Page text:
Two games into the season, and the field is starting to firm up for Andrew Luck, the first pick in next year's draft. Kansas City and Indianapolis appear to be the real deals, and it's not a stretch to imagine their Oct. 9 date in Indianapolis as the Andrew Luck Bowl, with the Lucky Loser taking a giant step toward the Stanford quarterback. But that's three weeks away. In the meantime, let's take a look at the early frontrunners:
5. Miami. Bad news, Miami fans. Your team goes on the road where, yes, it can win. Miami needs Andrew Luck like Texas needs rain, so a win complicates the future. Honestly, there's no way the Dolphins stay here long, but losing 11 of your last 12 home games qualifies for some list, and, congratulations, Tony Sparano, you just made it here. The Dolphins were supposed to have so many answers on defense they could overcome the shortcomings of the other half of the football team. Not so fast. In two games they rank dead last in overall defense and 30th against the pass. Granted, they had to defend Tom Brady and Matt Schaub, but didn't someone tell us this was the best tandem of cornerbacks in the business? Yeah, sure, and Darrelle Revis is overhyped.
Next loss: at Cleveland. This one's iffy. Cleveland hasn't won a home opener since 2004, and the Dolphins last year won their first four road games. In fact, they won six of eight there. Uh-oh.
4. Minnesota. I'll tell you why Christian Ponder looks so good to Minnesota fans: Because he hasn't thrown a pass. OK, so he's not Donovan McNabb, either. McNabb has taken a raft of grief for the Vikings' problems, but cut the guy slack. He's not the one who couldn't protect second-half leads. He just couldn't pad them. So fans want a change, and patience, people. Give the guy time, and I'm talking about McNabb AND Ponder. One's not ready to leave, and the other's not ready to stay. In the meantime, keep featuring Adrian Peterson, and you have a chance ... a chance ... to check out of the Lucky Hotel.
Next loss: Detroit. The Lions have Matthew Stafford and Calvin Johnson. The Vikings have the 23rd-ranked pass defense. What do you think happens?
3. Seattle. People keep telling me the Seahawks aren't as bad as they seem and that they'll steady themselves once they get home to the 12th Man, which is this weekend. But then I look at who's taking the snaps, and, I'm sorry, but the Seahawks could play with 12, 13 or 14 men and it wouldn't matter. Not when Tarvaris Jackson is your quarterback, and Marshawn Lynch and Justin Forsett carry the football. The result's going to be the same, and that's not good. Seattle ranks last in offense, can't run, can't pass, can't block and has Sidney Rice and Robert Gallery -- two of its biggest offseason acquisitions -- sidelined indefinitely. You want to know the straightest road south? You just found it.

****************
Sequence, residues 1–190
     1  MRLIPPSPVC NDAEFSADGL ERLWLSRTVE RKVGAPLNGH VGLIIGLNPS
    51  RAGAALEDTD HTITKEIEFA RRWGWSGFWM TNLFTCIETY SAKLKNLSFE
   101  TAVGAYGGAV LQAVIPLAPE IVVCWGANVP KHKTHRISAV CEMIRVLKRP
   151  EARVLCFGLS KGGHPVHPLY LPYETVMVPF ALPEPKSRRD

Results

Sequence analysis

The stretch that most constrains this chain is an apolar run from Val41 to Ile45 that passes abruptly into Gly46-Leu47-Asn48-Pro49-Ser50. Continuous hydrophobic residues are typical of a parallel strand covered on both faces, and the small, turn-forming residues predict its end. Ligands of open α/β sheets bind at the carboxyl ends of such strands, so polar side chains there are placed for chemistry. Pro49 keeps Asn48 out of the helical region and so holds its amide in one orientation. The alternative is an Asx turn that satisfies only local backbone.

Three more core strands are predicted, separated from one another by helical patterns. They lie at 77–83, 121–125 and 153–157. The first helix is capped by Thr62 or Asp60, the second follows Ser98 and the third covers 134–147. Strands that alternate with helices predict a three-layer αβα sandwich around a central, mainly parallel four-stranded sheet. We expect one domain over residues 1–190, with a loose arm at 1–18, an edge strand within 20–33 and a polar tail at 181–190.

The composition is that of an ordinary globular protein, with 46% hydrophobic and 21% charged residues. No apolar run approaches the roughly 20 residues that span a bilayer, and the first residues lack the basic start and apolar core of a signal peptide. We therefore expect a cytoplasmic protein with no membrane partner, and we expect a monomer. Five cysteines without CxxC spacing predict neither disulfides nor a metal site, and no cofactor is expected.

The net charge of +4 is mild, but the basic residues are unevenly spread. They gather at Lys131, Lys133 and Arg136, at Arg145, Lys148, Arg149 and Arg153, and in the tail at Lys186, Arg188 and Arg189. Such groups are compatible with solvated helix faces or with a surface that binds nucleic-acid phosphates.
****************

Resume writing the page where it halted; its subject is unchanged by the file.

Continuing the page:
Next loss: Arizona. The Cardinals fixed the quarterback position. Seattle did not. Seeing is believing, and here's where you can tell.
2. Indianapolis. The more I watch the Colts the more I think Peyton Manning is the NFL's most underpaid quarterback. He makes all the difference in Indianapolis, and when he's gone so is hope for this football team. I don't fault Kerry Collins for the Colts' bellyflop. The poor guy was thrown into an impossible situation. These aren't the 2008 Tennessee Titans. The Colts are built around the quarterback, and that quarterback is Peyton Manning, not Collins. One local columnist already is calling for the team to hire Brett Favre, to which I say, "Huh?" Bad enough to stink. But now you want the circus to come to town? Brett Favre isn't going to fix this. Nobody but Peyton Manning is going to fix this, and my suggestion is that once the ship starts to list, don't wait on Favre or Manning. Give the ball instead to ... you guessed it ... Curtis Painter. If you're going down, sink to the bottom with young players, not old ones.
Next loss: Pittsburgh. You saw what happened to Seattle. Get ready for more of the same, Warren Sapp. Let's see ... Ben Roethlisberger or Kerry Collins? Check, please.
1. Kansas City. The Chiefs lost tight end Tony Moeaki for the season. They lost safety Eric Berry for the season. They lost star running back Jamaal Charles for the season. You know it's grim when you lose more starters than ballgames. But give these guys time. They're going to lose a lot of ballgames, too. In two games they've been outscored 99-10, and, yes, that's a sign of how bad it is at Arrowhead. So what happened? Well, look beyond the injuries to turnovers. The Chiefs have a zillion of them. In fact, through two games they have nine. Nobody has more. In 2010, they had 14. Only one club (New England) had fewer. At the rate they're going they'll set an NFL record with 72, and we all know that won't happen. But neither will winning. These guys soared to the top of the AFC West last year with an error-free quarterback, the league's best rushing attack and an efficient and effective offense. Now, Matt Cassel has as many interceptions (4) through two games as he had through 12 a year ago, the top running back is gone and nobody can hold on to the football. Paint it black.
Next loss: at San Diego. The last time the Chiefs went there they lost 31-0. Of course, that was without Cassel. Now they're without Charles ... and Berry ... and Moeaki ... and hope.
Lucky Losers: Take Two
Posted on: September 20, 2011 11:10 am
Edited on: September 20, 2011 3:16 pm